Air Force One Rewards Program: President Obama Thanks Trade Supporters With Ride on Flying Oval Office

House Democrats get ride of a lifetime on President Obama's trip to G-7 summit

— -- These days, trade is not just about exports, imports, manufacturing and jobs. Apparently, trade is also at least a little bit about political favors.

No Republicans joined the Democratic contingent on the G-7 trip, although some GOP lawmakers have been invited to fly on Air Force One from time to time during the Obama presidency.

For Connolly, a four-term Democrat, it was his first time joining the president on Air Force One. And the experience was clearly not lost on him.

“It was an experience of a lifetime, in many ways,” he said. “There you are in a big 747 -- with the president.”

Quigley and Himes both said the trip was their third time flying with Obama on AF1, but for each it was their first international trip on the aircraft.

“Of course, it’s fun to get on Air Force One and be with the president,” Himes acknowledged.

Johnson, a 12-term lawmaker, said she had flown on Air Force one “six or seven times” during the Clinton administration, and had even declined a “late” invitation from former President George W. Bush during his presidency because of a “scheduling conflict.”

“I thought it was valuable,” Johnson said of the weekend getaway. “It’s a compliment to get an invitation from the president.”

“They wanted to make a bigger statement to reinforce the president’s commitment that he will have the backs of those in our caucus who step out and support the agreement,” Connolly said.

TPA, also known as "fast track," is a procedure that determines how an administration goes about getting a trade agreement and how Congress considers it.

Although each member of the foursome has publicly backed Obama on trade, Himes said the lawmakers also compared notes with the White House “on who we thought was potentially a yes vote but whose support is still up in the air.”

“Deep dive discussions are extraordinarily helpful,” he said. “You’re reminded of this when you travel on the plane.”

Since the excursion is considered “official business” and not campaign related, the cost of the flight falls on the taxpayer.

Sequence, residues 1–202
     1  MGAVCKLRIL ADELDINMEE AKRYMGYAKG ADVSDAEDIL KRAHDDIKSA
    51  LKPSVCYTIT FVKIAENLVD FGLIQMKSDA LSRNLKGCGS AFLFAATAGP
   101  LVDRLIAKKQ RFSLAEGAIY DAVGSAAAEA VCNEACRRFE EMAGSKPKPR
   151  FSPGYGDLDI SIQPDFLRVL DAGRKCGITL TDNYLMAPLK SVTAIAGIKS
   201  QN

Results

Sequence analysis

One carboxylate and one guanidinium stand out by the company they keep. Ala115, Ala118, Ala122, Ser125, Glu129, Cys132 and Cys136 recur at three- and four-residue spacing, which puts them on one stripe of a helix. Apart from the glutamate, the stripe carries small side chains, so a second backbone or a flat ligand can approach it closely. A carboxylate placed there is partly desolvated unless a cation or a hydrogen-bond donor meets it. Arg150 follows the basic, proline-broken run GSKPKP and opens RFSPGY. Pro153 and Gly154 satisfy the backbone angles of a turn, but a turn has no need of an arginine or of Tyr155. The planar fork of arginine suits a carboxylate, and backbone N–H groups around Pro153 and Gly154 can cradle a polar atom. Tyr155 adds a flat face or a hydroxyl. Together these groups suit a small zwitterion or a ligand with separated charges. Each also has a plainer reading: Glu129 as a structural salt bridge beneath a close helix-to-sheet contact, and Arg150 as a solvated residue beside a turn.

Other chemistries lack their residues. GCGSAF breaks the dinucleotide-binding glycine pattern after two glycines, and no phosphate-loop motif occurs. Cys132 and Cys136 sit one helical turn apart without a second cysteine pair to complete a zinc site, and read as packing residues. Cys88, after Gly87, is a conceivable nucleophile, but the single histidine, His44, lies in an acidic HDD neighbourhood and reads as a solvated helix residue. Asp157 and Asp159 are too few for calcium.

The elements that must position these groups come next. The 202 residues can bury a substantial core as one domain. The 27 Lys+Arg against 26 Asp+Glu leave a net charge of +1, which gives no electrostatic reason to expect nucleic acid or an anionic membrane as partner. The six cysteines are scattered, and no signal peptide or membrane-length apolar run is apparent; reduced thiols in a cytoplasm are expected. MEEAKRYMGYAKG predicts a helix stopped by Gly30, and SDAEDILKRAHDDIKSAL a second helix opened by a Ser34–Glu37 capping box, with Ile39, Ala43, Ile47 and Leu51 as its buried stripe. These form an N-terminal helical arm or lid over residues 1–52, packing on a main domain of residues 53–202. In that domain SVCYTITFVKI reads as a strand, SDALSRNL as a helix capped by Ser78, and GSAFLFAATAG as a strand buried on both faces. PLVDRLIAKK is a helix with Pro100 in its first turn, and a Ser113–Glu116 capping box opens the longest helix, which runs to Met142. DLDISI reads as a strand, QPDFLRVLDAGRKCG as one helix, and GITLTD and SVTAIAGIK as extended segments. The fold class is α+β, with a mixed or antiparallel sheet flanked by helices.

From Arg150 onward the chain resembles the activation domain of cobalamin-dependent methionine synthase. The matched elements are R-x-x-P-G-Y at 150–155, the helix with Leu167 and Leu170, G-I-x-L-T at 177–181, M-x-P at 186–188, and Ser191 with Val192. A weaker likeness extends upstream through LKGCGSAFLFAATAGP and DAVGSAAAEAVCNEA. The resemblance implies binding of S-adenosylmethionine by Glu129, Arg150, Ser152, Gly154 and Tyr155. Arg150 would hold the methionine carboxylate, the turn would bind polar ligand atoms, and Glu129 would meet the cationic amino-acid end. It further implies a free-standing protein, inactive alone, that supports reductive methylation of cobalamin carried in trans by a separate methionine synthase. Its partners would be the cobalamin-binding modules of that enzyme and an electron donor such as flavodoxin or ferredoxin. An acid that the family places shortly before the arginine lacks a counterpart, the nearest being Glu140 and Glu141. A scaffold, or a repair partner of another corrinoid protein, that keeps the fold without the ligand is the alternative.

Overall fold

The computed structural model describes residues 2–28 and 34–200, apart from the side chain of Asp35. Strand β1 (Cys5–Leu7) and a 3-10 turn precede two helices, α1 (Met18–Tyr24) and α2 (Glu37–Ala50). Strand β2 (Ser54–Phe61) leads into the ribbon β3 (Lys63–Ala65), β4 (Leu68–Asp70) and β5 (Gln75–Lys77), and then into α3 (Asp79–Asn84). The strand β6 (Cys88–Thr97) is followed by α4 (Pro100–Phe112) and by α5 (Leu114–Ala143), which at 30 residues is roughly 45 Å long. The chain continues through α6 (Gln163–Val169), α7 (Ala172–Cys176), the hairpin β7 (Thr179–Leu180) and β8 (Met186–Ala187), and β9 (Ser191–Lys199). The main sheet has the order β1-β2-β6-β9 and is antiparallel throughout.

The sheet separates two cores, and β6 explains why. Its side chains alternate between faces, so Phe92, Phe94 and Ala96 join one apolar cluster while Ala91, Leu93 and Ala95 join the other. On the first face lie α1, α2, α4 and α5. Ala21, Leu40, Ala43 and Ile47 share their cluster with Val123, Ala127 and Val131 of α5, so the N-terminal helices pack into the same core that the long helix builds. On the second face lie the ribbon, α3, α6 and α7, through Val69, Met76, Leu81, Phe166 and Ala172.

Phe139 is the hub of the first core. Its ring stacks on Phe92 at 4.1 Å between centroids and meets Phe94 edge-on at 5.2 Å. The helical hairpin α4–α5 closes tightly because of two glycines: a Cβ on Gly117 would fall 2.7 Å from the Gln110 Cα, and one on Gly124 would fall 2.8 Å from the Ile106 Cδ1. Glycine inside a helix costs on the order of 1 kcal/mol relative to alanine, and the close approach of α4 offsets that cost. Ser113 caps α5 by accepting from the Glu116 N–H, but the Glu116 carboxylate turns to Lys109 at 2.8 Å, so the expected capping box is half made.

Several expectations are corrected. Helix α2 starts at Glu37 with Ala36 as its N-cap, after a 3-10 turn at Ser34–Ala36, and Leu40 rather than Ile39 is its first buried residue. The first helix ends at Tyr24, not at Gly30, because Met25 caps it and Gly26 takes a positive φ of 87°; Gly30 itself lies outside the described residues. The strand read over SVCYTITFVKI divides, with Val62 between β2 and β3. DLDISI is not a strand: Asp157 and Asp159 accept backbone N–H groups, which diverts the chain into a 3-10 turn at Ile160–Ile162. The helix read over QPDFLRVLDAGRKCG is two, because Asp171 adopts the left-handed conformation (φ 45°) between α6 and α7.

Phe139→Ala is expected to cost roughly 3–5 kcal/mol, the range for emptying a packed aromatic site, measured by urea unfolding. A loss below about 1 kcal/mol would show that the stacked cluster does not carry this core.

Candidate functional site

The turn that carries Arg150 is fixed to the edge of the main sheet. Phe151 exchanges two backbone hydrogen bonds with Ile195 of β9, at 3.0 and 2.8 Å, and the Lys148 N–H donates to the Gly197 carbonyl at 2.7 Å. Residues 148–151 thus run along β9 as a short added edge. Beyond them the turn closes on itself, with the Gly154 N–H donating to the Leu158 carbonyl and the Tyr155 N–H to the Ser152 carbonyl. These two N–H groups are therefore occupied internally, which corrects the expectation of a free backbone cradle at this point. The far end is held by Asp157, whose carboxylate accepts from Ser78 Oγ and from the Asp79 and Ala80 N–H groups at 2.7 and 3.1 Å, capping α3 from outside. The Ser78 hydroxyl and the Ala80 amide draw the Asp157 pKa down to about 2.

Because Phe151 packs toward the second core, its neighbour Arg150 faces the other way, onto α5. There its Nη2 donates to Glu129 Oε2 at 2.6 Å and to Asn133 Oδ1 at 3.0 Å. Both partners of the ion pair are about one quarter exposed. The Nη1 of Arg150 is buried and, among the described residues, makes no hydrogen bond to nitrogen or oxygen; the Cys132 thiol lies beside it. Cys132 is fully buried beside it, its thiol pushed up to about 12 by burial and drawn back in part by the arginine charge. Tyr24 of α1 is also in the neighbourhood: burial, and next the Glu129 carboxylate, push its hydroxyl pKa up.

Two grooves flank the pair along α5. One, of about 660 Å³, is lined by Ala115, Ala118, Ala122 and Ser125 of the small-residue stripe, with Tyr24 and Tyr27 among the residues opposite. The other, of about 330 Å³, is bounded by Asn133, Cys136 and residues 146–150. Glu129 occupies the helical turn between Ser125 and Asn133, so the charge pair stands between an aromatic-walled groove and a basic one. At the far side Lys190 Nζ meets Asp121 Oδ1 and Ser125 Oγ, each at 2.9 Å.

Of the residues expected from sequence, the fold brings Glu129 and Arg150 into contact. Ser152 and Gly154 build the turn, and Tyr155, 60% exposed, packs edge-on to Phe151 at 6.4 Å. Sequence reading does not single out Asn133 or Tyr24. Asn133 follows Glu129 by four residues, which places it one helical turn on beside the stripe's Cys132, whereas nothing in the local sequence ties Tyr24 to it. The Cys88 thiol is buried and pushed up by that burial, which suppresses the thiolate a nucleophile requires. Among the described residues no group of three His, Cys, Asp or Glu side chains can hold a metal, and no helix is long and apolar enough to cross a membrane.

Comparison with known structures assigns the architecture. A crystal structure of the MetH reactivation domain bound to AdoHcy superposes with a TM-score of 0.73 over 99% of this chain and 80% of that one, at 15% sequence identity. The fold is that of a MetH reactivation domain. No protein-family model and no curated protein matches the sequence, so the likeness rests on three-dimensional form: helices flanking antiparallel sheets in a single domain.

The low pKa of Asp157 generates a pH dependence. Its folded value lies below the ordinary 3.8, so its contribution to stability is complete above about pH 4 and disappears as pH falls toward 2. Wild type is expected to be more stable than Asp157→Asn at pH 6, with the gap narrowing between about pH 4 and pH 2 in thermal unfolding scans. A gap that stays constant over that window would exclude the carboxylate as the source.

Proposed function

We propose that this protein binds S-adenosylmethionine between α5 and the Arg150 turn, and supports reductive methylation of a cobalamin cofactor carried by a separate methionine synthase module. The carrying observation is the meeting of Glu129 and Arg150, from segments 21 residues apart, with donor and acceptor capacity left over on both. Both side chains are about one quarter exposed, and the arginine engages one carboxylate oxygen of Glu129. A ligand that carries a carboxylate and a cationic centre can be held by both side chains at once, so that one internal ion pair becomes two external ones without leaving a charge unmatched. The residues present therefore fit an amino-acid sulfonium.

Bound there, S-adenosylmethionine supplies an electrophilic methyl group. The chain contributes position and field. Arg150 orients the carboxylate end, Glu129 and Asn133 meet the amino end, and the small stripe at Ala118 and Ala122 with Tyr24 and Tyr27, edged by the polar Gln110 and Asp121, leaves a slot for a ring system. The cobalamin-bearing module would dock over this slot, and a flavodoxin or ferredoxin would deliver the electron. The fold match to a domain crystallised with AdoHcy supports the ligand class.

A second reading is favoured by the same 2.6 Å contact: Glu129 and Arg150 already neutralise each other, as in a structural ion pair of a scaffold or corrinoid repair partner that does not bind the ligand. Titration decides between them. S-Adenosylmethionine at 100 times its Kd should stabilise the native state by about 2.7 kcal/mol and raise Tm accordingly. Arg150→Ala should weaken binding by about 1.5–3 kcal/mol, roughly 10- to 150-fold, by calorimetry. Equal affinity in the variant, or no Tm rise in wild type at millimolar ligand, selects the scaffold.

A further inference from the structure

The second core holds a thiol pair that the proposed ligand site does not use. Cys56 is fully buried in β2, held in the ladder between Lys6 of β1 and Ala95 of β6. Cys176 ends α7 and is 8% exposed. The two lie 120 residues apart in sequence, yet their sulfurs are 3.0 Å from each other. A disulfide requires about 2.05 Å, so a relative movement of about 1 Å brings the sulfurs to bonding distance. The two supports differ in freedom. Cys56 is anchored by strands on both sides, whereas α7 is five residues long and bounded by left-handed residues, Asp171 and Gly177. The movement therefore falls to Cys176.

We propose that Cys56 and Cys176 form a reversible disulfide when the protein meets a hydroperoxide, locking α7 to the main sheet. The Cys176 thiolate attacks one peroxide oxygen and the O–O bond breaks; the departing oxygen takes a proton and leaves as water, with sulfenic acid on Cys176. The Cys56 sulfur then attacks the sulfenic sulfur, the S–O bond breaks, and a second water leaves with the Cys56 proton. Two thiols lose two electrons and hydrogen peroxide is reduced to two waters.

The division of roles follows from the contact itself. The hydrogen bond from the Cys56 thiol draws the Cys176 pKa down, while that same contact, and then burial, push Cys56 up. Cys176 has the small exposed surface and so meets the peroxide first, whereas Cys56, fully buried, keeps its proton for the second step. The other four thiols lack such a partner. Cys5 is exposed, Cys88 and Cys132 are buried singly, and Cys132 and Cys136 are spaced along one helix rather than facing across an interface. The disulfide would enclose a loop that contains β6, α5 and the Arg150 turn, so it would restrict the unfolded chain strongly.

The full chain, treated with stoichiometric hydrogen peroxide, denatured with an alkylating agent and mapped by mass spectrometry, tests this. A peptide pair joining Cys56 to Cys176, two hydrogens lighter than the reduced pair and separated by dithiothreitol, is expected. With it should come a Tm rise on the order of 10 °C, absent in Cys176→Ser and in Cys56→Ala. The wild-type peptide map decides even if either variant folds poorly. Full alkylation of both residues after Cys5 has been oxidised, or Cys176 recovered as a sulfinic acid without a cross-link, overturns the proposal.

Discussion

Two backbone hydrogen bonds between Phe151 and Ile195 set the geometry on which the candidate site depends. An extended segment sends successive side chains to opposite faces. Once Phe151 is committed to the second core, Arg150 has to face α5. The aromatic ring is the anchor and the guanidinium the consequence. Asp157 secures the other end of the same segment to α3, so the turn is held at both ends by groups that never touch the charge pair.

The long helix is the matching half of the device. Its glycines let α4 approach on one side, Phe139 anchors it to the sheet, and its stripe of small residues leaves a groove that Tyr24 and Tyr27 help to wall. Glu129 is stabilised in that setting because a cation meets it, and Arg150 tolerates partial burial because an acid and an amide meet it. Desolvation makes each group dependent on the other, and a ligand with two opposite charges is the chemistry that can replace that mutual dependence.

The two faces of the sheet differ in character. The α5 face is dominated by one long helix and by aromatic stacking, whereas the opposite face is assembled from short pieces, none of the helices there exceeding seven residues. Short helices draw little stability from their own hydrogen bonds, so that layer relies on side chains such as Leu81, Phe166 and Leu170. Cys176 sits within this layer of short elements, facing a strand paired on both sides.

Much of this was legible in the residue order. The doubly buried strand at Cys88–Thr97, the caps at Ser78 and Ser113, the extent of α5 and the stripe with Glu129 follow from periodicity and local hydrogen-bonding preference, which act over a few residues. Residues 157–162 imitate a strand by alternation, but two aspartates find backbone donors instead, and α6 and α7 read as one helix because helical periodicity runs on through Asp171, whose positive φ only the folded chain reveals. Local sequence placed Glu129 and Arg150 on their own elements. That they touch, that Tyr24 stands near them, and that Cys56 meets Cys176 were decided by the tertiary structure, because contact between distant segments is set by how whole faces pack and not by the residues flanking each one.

The Democratic quartet was treated to salmon and crab cakes on flight to Germany, and filet mignon on the return voyage.

“All very tasty, fattening food,” Johnson quipped.

Johnson bought her son and grandsons Air Force One golf balls and caps, and purchased a drink container for her daughter-in-law. She also bought some Air Force One coins and a bottle opener. All in all, she said, she dropped about $200 on AF1 gear.

“I didn’t feel like I was going for the ride,” Johnson said. “We had the opportunity to learn things and connect with researchers and see how respected the president is [abroad].”

Quigley said he snagged some presidential M&Ms for his interns and purchased an Air Force One cap.

Still, the lawmakers who joined Obama on the trip don’t view the experience merely as a reward for their support of the president’s trade agenda.

“How often does anyone get to spend that much time with that caliber and cadre of people?” Connolly asked. “We’re all under one roof for 17 or 18 hours, plus on the ground.”

“I took it more of [as] since there’s only 18 of us at this point, here we are. It reinforces the four of us to be better spokesmen on international issues and trade issues. I think that worked,” Quigley said. “You learn first-hand why trade relationships matter to the economy and why these relationships with the G-7 also affect us.”

The White House also does not view the flights as simply a reward but rather a way to engage members.

"Over the last year or so, we have redoubled our efforts to try to engage members of Congress in new and creative ways, and on recent foreign trips, the president has invited members of Congress to attend -- or to join him for those trips," White House Press Secretary Josh Earnest told reporters on the return flight.

“There’s some ‘holy cow, gee whiz’ aspects. You board Air Force One and you’ll feel that and see that. You land and everyone is taking pictures of the plane,” Quigley said. “The president is coming off [the plane] to music and fanfare. Ceremonies matter and some of that pomp and circumstance matters. It represents what our country is about. If you get caught up in it, it’s not a bad thing. Otherwise, you get cynical in this business.”

While many House Democrats are fearful support for trade could be toxic to their reelection efforts, the aura of a trip on Air Force One -- not to mention face time with the president -- is simply too valuable for others to pass up.

“To be invited to join the president on a foreign trip was a distinct honor that I’ll carry with me for rest of my life,” Connolly said.